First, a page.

renal infarction

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renal infarction

Nephrology Death of renal tissue, usually caused by renal artery sternosis


1. the formation of an infarct.
2. an infarct.

cardiac infarction
see myocardial infarction (below) and also myocardial infarction.
cerebral infarction
an ischemic condition of the brain, causing a persistent focal neurological deficit in the area affected.
infarction fever
an aseptic fever caused by liberation of pyrogens from damaged tissue.
intestinal infarction
a common occurrence in horses due to occlusion of arteries by larvae of Strongylus vulgaris. Sections of intestine, sometimes very large ones, become devitalized leading to peritonitis and death.
May also result from torsion or strangulation. See also thromboembolic colic.
myocardial infarction
gross necrosis of the myocardium, due to interruption of the blood supply to the area. See also myocardial infarction.
pulmonary infarction
localized necrosis of lung tissue, due to obstruction of the arterial blood supply.
renal infarction
is usually conical, anemic and multiple and may heal leaving a narrow scar. It is usually clinically inapparent unless the obstructing material is infected. This leads to the development of renal abscess or embolic nephritis, also usually without clinical signs unless the abscesses are large or numerous.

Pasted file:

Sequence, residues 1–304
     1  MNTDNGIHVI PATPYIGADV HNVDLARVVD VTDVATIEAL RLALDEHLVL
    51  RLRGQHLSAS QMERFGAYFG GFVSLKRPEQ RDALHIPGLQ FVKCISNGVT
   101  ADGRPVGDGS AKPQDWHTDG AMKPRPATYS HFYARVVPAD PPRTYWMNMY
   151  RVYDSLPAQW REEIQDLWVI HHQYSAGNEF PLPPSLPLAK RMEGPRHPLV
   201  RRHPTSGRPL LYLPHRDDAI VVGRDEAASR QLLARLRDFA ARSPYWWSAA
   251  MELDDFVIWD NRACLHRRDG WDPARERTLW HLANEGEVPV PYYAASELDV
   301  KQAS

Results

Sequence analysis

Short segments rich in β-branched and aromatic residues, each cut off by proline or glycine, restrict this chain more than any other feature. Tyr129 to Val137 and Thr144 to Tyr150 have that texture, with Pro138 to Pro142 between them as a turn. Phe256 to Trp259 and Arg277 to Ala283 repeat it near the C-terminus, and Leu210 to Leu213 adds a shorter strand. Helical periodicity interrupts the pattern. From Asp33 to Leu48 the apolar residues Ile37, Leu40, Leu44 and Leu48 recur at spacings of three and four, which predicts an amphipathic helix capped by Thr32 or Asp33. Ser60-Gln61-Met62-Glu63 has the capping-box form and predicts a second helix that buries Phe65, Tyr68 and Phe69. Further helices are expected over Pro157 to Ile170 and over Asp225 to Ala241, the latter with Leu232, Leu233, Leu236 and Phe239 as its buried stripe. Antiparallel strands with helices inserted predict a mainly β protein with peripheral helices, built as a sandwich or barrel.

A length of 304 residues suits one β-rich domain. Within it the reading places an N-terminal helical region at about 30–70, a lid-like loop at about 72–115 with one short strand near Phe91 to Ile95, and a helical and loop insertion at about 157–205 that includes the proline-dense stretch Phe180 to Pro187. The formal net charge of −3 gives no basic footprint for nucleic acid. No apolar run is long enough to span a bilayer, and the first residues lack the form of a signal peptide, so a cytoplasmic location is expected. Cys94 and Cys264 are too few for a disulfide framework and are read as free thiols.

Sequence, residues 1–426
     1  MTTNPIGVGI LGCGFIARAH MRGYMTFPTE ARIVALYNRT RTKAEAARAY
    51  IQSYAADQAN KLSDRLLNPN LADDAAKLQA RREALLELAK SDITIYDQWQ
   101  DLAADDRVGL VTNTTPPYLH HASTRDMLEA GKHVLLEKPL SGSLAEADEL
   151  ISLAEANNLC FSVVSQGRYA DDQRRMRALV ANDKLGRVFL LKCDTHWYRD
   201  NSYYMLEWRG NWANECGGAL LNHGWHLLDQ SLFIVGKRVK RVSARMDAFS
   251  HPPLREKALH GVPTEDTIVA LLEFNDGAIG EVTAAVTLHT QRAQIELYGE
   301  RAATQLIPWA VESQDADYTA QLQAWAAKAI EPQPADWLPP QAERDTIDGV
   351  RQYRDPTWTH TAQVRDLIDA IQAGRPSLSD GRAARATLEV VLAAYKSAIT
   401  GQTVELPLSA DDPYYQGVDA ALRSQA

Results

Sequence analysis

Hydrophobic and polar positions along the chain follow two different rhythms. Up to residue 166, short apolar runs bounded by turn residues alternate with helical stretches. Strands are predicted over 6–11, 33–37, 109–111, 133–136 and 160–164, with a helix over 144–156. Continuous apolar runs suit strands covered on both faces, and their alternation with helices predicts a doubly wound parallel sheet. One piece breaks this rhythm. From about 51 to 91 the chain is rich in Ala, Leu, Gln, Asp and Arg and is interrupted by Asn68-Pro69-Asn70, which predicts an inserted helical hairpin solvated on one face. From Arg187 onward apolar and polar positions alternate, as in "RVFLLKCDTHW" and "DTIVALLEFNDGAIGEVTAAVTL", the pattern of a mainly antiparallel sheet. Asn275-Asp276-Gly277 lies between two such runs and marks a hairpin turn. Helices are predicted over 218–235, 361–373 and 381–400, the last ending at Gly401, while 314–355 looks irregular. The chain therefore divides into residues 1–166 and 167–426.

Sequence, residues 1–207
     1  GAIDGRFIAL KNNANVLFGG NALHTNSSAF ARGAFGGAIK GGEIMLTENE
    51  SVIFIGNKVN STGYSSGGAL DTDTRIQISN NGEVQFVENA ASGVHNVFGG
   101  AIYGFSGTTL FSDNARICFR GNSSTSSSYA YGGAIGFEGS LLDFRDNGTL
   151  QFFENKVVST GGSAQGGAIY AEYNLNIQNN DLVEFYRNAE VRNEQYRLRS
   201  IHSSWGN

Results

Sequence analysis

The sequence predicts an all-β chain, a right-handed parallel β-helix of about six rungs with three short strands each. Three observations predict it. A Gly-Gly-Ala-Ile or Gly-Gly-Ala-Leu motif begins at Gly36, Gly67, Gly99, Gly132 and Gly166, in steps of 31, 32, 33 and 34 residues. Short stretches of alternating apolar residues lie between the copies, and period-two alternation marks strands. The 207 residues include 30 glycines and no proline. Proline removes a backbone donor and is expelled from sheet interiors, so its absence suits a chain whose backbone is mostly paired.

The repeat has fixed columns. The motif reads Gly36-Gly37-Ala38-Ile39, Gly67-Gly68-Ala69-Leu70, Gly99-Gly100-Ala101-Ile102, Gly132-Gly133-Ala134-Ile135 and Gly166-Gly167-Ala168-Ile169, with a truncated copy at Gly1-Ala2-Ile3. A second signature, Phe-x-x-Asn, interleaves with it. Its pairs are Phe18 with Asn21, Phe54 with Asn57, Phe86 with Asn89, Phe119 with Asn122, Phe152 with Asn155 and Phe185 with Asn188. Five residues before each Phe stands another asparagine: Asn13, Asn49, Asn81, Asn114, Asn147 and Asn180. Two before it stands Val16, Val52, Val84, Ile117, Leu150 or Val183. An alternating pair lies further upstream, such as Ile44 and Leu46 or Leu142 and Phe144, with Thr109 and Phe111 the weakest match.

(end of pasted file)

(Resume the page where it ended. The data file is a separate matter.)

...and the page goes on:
spinal cord infarction
caused sometimes by fibrocartilaginous emboli of prolapsed disk material, causing sudden loss of function of large sections of the spinal cord, leading to flaccid paralysis of the hindlimbs or of all four, depending on the site of the infarct.
splenic infarction
usually hemorrhagic; may be difficult to differentiate from subcapsular hematoma.
venous infarction
a thrombus in a vein may cause infarction, e.g. in the thigh muscles of downer cow, recumbent for long periods, or in the gastric mucosa of pigs, where it is a common finding in acute septicemia.
References in periodicals archive ?
Acute renal embolism: Forty-four cases of renal infarction in patients with atrial fibrillation.
Renal infarction in the ED: 10-year experience and review of the literature.
According to the literature, the clinical diagnosis of acute renal infarction is usually based on typical clinical findings that are nonspecific and increased risk for thromboembolism, (2,4,5) a profile that was present in our patient.
Serum LDH as a characteristic marker for cell necrosis is known to be elevated in patients with acute renal infarction.
Angiography, renal scintigraphy, intravenous pyelography, ultrasonography, and enhanced CT may be useful in diagnosing acute renal infarction ante mortem.
Although Domanovits et al (5) found signs of slightly impaired renal function in only 6 of their 17 patients after 7 days, we stress that early diagnosis of acute renal infarction is mandatory to establish effective acute and long-term therapy for the preservation of renal function.